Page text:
As GCFSB has grown in the last few years, we’ve seen an increase in reader mail saying they found their car through our site. Last week, we were notified that a 1995 540i M-Sport we featured late last year found its way into a GCFSB reader’s hands, with an interesting road trip that followed. The new owner, Mike, recapped the experience for us below.
All posts tagged e34
The ascension of the E30 M3 and subsequent increase in value of both the E28 M5 and E24 M6 have underscored the incredible value of the lone early 1990s BMW M survivor, the E34 M5. While purists may complain that the E34 was heavier and a more dulled experience than the E28 M5, I’ve always found the E34 to be an even better representation of the M experience. M cars were all about stealthy performance, and in my mind the E34 is the most stealthy M car produced. Another reason I like the E34 versus the E28 is the introduction of more colors than just black – in this case, this E34 is the same color combination as the first M5 I ever sat in; silver with grey leather:
CLICK FOR DETAILS: 1991 BMW M5 on eBay
While generally I find myself looking at C4 Audi S4/S6s and thinking they’re an amazing deal right now, it’s hard to not feel the same way about the E34 M5. If the E28 was the unloved M from the 1980s for some time, more recently we’ve seen a surge in E28 prices that are starting to pick the “original” super sedan up in price. In some cases, clean versions of the E28 M5 are now trading for more than their sister in a prettier dress that has traditionally carried more value, the M6. In even more rare cases, some have surpassed the values of the market-darling E30 M3. Where’s the M deal to be had now, then? Even if the driving experience was dulled slightly by some added weight and luxury with the E28′s successor, the E34, the retention of the great drivetrain coupled with some refined looks wasn’t all bad. In my opinion, the E34 is a very worthy replacement for the E28 – and a strong alternative to the S4/S6 market which is also beginning to tick up slightly. Check out this first year Brilliant Red example:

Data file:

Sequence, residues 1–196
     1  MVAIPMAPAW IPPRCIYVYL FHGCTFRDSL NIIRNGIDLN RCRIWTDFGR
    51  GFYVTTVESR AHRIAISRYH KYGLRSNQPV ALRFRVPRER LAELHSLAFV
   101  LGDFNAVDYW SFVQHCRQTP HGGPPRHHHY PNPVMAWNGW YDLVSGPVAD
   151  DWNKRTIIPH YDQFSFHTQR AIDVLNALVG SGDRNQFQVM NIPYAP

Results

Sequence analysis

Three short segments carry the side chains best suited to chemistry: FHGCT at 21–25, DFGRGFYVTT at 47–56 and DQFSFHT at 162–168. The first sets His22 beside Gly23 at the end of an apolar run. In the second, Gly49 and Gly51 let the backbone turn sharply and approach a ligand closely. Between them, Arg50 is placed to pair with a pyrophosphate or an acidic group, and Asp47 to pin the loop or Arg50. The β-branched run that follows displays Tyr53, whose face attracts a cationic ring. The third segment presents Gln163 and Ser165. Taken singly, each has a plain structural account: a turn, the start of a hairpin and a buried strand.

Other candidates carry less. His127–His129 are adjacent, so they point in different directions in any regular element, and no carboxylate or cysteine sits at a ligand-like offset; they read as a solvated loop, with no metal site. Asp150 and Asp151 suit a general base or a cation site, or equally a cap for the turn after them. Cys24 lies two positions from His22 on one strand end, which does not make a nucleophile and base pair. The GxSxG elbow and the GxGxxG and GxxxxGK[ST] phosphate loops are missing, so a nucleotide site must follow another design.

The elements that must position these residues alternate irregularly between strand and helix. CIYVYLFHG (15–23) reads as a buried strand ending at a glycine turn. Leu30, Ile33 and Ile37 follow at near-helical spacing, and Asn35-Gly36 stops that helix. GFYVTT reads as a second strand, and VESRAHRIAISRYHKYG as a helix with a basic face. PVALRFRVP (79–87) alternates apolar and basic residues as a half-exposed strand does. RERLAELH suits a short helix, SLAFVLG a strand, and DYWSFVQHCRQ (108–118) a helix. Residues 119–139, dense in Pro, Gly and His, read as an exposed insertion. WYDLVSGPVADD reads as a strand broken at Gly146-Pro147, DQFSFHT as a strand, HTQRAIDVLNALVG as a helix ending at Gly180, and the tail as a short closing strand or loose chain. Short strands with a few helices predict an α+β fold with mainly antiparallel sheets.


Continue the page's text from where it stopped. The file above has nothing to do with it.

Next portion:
CLICK FOR DETAILS: 1991 BMW M5 on eBay
The E39 M5, for all its amazing performance and quiet aggression, is fairly ubiquitous, especially here in top-of-the-line hungry Silicon Valley. The E34 M5 has its detractors, but it is still a rare, fast, and attractive sports sedan that will hide from those who don’t know and is searched for by those who do. Today’s comes from an owner who clearly knows his stuff and has enjoyed the car for 16 years while making (mostly) tasteful upgrades. The performance pieces all make sense and it’s surely a hoot, giving the singing inline-6 more juice and the chassis greater ability to hang with it. It has covered a lot of miles, but there’s always the chance that this is one of the “extra-special” S38s that can go for 300k+ miles. There’s also the chance that it’s not, meaning it’ll need a rebuild in the next 20k miles, and that’ll set you back nearly its current list price. The price is right though, and the owner is indeed being completely reasonable.
Click for details: 1991 BMW M5 on eBay
A few months’ ago, I got wind of E24 Alpina rotting in a salvage yard in northern New England. Despite trekking across broken roads and through desolate towns, my excitement was tempered by the words, “We crushed that years ago.” Damn near crushed my soul, those words. This 1989 Alpina B10 is a far happier case of preservation and meticulous ownership, right down to the original floor mats and a rear seat that appears unused. Some pundits call it “…one of the best turbocharged engines ever”, and with 360 b.h.p. on tap, there’s plenty of power to go around. Despite a projected cost to develop of $3.2 million (in 1980s dollars), the B10 established the E34 chassis as one of Alpina’s greatest successes in its history, and this car is an impeccable specimen with only 41,000 miles. If you have to own one, it’s hard to go wrong with the one up for grabs at 4Star Classics.